The National Green Tribunal since its inception has taken various steps in order to reduce the menace of pollution and other activities adversely impacting the environment. Some of the recent steps by the tribunal include order of banning diesel vehicles older than 10 years in the national capital along with ban on burning of solid waste. These steps have been taken owing to the rising pollution levels which is evident from the list of most polluted cities where the national capital stands on the top. Other examples includes cancellation of coal block clearance in Hasdee-Arand forests overriding central government’s decision, Sterlite case and Meghalaya rat hole mining.

However despite various proactive support being taken by the tribunal the pollution levels has been continuously rising over the years. This is due to lack of effective support from government both at the centre as well in states. Inefficiency of Central and State pollution control boards is another reason for it. This often results in delays in implementing the tribunal’s decision. Without adequate support from the government side, the National Green Tribunal is unable to have a vigilance throughout the country due to its limited capacity and staff. Further despite solving a long number of cases, still there is a long list of pending cases in the tribunal which adds to the problem. Lastly the tribunal is not having suo-moto powers which also restricts its ambit in the area of environment.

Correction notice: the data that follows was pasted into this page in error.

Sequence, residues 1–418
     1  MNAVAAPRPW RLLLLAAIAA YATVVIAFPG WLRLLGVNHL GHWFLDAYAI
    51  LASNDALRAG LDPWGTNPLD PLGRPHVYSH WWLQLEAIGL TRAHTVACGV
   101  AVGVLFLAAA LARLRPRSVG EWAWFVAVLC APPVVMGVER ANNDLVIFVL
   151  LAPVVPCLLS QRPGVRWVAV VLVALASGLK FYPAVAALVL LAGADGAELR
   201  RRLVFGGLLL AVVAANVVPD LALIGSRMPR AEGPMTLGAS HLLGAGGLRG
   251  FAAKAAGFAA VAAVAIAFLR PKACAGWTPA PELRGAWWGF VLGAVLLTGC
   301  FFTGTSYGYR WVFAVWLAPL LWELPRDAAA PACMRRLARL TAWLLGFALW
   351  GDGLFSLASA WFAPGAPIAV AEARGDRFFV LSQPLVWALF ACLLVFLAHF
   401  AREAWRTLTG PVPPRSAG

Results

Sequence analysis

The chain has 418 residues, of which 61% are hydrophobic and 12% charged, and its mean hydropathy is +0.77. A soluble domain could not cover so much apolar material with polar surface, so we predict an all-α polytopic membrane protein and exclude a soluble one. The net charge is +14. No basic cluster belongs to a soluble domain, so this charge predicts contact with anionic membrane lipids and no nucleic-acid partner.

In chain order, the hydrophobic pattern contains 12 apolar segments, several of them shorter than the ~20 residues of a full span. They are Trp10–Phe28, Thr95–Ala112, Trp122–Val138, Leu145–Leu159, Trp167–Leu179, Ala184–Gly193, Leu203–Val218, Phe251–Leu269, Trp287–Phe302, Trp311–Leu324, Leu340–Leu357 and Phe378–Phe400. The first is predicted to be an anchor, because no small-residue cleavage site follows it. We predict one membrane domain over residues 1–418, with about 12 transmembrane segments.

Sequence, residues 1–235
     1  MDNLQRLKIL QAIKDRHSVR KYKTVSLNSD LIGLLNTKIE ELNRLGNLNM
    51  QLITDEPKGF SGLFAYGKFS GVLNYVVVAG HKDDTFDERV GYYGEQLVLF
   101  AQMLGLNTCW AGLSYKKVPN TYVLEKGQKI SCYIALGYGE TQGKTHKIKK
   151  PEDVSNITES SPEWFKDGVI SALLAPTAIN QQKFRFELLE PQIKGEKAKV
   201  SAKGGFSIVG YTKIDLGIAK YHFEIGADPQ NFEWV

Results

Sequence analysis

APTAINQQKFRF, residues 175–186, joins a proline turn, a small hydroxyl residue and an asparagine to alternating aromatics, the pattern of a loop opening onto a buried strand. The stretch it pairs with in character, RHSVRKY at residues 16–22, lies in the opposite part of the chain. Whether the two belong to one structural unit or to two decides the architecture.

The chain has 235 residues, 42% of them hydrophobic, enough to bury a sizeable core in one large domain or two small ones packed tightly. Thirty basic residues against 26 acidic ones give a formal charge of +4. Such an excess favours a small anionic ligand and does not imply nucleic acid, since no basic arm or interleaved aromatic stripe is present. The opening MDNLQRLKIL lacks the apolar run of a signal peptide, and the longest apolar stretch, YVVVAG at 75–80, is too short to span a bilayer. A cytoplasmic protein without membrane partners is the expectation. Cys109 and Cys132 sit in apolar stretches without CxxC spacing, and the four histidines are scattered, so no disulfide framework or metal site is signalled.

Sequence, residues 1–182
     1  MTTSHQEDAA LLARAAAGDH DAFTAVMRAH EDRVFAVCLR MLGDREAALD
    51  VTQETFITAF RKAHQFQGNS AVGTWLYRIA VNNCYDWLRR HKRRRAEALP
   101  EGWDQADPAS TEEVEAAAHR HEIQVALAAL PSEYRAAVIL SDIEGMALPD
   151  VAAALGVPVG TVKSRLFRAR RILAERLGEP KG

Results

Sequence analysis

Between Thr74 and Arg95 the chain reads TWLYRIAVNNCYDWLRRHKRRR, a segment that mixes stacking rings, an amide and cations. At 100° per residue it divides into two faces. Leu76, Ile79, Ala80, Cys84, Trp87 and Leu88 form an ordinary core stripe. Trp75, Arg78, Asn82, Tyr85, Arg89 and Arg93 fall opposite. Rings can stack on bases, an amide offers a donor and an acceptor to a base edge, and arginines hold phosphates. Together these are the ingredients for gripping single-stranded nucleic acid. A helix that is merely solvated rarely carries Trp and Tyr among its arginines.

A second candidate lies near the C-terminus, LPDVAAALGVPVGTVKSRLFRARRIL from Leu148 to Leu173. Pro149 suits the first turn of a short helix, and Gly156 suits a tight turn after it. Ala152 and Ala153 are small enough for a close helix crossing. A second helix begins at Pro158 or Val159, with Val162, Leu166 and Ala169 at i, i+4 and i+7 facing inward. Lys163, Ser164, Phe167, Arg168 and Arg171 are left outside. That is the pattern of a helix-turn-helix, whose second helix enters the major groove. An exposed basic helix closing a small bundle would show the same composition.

Citing the increasing pollution levels in the country which has an adverse impact on health, the role of the National Green Tribunal gains more importance. It is argued that the Central and State government should work in collaboration with the National Green Tribunal to secure the environment with better, faster enforcement of the National Green Tribunal orders.